Quick Nav


Quick Search




Pin it

When the post-Cold War era ended in the early 1990s, the U.S. Army faced the urgent need to capture the new nature of combat. To do so, they coined a new acronym called VUCA—Volatility, Uncertainty, Complexity, Ambiguity. It has served them well—and can serve all of us well now. It is more applicable today with the impacts of the COVID-19 crisis on the world than it was in the post-Cold War era. Examination will reveal it fits all our leadership issues, needs, and efforts. VUCA is the new normal for the entire world. Wayne Lynn (2020) details how each aspect of VUCA can be applied to leadership:


1. Volatility. COVID-19 has caused everything in our world to change—and it’s changing fast and going faster. It’s not creating a good feeling. It’s making us have new fears. We’re feeling more insecure and vulnerable rather than safe, secure, and confident. It’s easy to make the wrong choice and add to our problems. We are so busy with so many concerns that we feel overloaded but don’t have the time to adjust and leave our vulnerability behind. But the action we need to take is clear. It’s the same action the U.S. Army took in the 1990s. We need to create a picture of the future we want and need to achieve in our schools and keep ourselves and all those we lead focused on our goal. This is the only way to beat the stress that is building up in us and everyone we lead—and everyone’s progress and energy will decrease without this action.


2. Uncertainty. The known is no longer reliable. Nothing is predictable. In fact, we may no longer be able to predict the future based on past events. And without the value of the past, this reality could lead to more problems. Disruptions and change have always existed in schools, but we cannot deal with them like we did in the past. We need to remember that COVID-19 created uncertainty—but as Wayne Lynn (2020) said, “the future doesn’t follow the past like it used to.” Now we need to remember that leadership is a team sport. Our task is to identify and choose the various talents we have in our schools to develop an understanding of what happened and is going to keep happening under the stress of disorientation. Then remember the old fact that stress always builds from lack of trust on the team. Therefore, building trust is our guide. And trust is also created. Your task is threefold:

  1.  Work to build caring and healthy self-concepts with team members by training, supporting, and developing their skills, talents, and achievements.
  2. Promote and teach by word and deed respect in both communications and actions. The rule: No disrespect toward people or property, including yourself. Not learning, growing, and achieving is disrespect toward self. Make no mistake: Building a foundation of trust is vital to our success in the future.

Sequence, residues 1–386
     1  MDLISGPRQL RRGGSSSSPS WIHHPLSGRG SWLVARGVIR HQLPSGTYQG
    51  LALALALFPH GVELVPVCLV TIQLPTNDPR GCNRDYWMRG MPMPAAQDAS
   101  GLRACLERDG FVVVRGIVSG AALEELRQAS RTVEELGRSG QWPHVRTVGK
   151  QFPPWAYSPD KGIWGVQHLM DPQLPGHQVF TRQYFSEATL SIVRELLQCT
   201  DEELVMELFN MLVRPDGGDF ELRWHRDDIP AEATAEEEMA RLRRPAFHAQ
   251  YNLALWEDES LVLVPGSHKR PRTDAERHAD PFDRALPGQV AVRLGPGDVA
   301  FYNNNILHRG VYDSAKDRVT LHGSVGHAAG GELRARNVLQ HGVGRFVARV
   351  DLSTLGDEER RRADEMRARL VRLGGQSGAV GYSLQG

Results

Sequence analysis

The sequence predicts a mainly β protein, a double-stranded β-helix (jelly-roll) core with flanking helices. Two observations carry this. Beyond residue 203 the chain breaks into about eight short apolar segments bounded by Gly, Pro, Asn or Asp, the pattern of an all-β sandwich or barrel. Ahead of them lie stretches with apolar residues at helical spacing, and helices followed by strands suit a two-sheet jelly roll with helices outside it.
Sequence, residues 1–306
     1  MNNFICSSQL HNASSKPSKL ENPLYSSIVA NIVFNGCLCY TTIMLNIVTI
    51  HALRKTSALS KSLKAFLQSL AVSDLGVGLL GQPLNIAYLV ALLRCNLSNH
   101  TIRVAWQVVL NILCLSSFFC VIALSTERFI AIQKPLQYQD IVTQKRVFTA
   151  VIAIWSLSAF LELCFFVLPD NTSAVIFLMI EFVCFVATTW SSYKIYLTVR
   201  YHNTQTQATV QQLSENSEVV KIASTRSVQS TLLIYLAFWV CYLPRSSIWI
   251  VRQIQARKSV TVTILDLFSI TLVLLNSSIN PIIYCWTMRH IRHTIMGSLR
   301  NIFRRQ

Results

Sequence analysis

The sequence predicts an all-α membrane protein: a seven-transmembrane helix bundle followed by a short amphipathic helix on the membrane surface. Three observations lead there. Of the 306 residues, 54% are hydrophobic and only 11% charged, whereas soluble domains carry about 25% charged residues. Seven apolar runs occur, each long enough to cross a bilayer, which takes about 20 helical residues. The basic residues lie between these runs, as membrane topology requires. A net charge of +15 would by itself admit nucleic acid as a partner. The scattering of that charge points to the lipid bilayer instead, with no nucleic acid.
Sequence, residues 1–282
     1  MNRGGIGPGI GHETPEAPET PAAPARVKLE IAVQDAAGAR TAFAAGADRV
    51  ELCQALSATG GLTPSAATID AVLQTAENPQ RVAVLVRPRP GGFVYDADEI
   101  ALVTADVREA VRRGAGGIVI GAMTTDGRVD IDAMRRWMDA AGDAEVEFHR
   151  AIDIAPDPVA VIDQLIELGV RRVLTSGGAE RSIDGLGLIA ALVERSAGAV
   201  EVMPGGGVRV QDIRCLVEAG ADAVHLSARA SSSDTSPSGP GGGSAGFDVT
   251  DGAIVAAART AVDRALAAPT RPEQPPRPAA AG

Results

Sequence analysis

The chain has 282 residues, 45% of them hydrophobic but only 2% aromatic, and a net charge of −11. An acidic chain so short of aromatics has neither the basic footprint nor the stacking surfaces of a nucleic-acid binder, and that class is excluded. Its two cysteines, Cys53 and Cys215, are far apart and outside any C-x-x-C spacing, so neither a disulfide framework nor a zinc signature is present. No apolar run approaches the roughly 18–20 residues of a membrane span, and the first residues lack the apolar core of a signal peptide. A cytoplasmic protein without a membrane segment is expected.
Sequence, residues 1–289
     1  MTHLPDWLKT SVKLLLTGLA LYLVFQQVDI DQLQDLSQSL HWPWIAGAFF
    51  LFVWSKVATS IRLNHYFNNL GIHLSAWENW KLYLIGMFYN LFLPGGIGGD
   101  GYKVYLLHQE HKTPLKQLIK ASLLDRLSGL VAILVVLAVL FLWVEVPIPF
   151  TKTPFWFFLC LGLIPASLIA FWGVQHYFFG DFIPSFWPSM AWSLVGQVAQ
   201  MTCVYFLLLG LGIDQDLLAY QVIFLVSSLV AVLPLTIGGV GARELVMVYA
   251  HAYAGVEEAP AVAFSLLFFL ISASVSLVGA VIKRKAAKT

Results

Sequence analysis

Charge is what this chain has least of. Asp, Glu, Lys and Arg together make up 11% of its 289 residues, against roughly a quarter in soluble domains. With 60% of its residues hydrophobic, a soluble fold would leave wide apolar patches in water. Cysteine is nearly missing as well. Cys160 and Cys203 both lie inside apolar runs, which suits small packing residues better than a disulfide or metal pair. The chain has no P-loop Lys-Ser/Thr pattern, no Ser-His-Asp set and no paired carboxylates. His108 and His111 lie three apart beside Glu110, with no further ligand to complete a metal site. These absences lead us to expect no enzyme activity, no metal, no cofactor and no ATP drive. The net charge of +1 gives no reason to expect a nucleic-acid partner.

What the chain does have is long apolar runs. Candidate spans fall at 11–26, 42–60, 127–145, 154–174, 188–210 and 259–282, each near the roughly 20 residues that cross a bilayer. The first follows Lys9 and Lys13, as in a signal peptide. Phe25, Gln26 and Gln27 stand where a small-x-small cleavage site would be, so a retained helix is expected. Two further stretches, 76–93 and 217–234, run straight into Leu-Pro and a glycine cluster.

3. Teach and practice the power of “what is possible together” and win-win situations for all. Relationships are the key to curtailing stress, high    productivity, and enhancing our success. Win-win situations are a reality and a fact for experiencing high productivity and high satisfaction in all work and in every workplace on earth.


3. Complexity can be one of the biggest generators of stress. Complexity can affect people mentally, emotionally, and physically. It can cause people to give up and quit. Complexity can make people of all ages feel they have lost control. The normal reaction to the feelings of stress is to seek more control—which is what always makes things worse. Our task is to help the team collaborate with each other to determine which forces can and can’t be controlled. It’s this action and clarity that erases most of the stress experienced by students, parents, and educators.


4. Ambiguity is one of the biggest causes for misunderstanding and misreads that bring work and achievement to a halt. “The stress comes in the form of anxiety” (Lynn, 2020). We’ve all seen the results: team paralysis by analysis. Rather than stopping work and achievement, the best leadership counter is promoting innovation, flexible organization, and using individual team member accountability in order to be able to adjust, change, and succeed in the work and mission of the organization.



Lynn, W. (2020, May 11). When VUCA is the new normal. Printing News. https://www.printingnews.com/trade-services/article/21126697/managing-employee-stress-during-the-covid19-crisis

Thought for the Week

Finding ways to engage students, increase learning efficiency, and extending recall of what students learn can be a constant quest. Fortunately, designing activities and employing strategies that release the flow of dopamine in our students’ brains can help us to meet this challenge, especially now.

Share Our Page

We're in your corner!

Sign up to have the weekly publication
delivered to your inbox.

"*" indicates required fields

This field is for validation purposes and should be left unchanged.

Share Your Tips & Stories

Share your story and the tips you have for getting through this challenging time. It can remind a fellow school leader of something they forgot or your example can make a difficult task much easier and allow them to get more done in less time. We may publish your comments.

Sign up for our Newsletter

"*" indicates required fields

This field is for validation purposes and should be left unchanged.